At halftime of this weekend’s Princeton-Harvard game, the University will honor the 1964 Tigers football team, which completed the program’s last perfect season 50 years ago this fall. The team included a trio of All-Americans — running back Cosmo Iacavazzi ’65, linebacker Stas Maliszewski ’66, and kicker Charlie Gogolak ’66 — as well as future College Football Hall of Fame coach Dick Colman.
Twenty years ago, Richard Preston *83’s best-seller, The Hot Zone, introduced readers to the Ebola virus in what was billed on the cover as a “terrifying true story.” When Ebola returned to the headlines in recent months, Preston came back to the story, reporting for The New Yorker, the magazine for which Preston first covered the Ebola story in 1992.
In August, Preston told the story of Daniel Bausch, an American doctor in an Ebola ward in Kenema, Sierra Leone. This week, the magazine published “The Ebola Wars,” Preston’s in-depth look at the situation on the ground in Sierra Leone intertwined with reporting on scientists at MIT’s Broad Institute who are working to understand Ebola’s genome. He also traced the stories of American Ebola survivors Kent Brantly and Nancy Writebol, and U.S. hospitals’ first encounter with the virus. “We weren’t prepared,” Preston told CNN on Monday. “I would say that many health workers in Africa were more prepared for Ebola than people in the most sophisticated hospitals in the U.S. This is a learning curve, but they’re coming up fast on that learning curve in the United States, and I have confidence that they’re going to be able to handle it.” Continue reading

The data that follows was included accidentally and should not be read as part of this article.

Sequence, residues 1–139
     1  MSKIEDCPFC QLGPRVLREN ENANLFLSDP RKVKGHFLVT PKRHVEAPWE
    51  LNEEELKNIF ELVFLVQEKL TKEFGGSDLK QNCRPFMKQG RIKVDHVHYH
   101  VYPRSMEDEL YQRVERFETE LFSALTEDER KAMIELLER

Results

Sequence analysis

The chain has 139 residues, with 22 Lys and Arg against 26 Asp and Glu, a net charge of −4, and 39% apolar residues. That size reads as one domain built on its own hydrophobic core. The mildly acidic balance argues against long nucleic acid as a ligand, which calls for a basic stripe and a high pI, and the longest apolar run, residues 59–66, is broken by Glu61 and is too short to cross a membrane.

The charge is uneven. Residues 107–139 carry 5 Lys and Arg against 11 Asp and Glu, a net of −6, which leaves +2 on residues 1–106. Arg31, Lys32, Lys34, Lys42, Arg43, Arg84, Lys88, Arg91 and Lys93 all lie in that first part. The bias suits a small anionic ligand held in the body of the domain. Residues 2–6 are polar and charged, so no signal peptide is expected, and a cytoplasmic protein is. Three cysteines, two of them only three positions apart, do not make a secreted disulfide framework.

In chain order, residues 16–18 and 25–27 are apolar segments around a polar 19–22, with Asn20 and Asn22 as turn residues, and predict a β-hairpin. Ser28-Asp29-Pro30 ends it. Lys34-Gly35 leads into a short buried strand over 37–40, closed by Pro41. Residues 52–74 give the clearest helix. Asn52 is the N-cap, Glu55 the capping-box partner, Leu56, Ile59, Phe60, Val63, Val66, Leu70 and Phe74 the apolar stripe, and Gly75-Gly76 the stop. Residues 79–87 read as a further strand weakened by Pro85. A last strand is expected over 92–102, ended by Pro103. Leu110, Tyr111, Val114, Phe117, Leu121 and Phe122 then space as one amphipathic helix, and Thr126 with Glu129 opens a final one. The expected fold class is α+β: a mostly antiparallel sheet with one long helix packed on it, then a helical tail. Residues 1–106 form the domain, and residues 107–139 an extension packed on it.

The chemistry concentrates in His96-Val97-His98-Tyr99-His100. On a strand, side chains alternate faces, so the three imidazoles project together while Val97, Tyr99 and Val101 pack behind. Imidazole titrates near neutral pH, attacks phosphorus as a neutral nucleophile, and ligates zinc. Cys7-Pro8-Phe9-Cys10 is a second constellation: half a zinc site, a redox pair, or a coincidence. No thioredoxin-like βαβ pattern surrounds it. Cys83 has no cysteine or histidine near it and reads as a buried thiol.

About 300 alumni of the Princeton swimming and diving teams returned to campus last weekend to commemorate the program’s 110th anniversary. The celebration included receptions, a dinner, and a preseason scrimmage meet. It also served as the impetus for a new and expansive history of the program, written by Sanford Thatcher ’65, longtime secretary for the Friends of Princeton Swimming and Diving and a former director of the Penn State University Press.
Thatcher, who still swims at about a dozen masters meets each year near his home in Frisco, Texas, began researching Princeton swimming history in the 1970s, for a column in the Friends’ newsletter. He drew on those notes, as well as contributions from recent alumni, to create a 99-page history. It covers the great seasons, legendary coaches, and top-ranked swimmers, but it also touches on less traditional topics — marriages between swimming alumni, the achievements of former Tigers after college, and other historical tidbits, such as diver Alan Routh ’59’s role on the first Navy SEAL team. “That is what makes this, I think, a document that is unique in sports histories [at Princeton],” Thatcher told PAW. Continue reading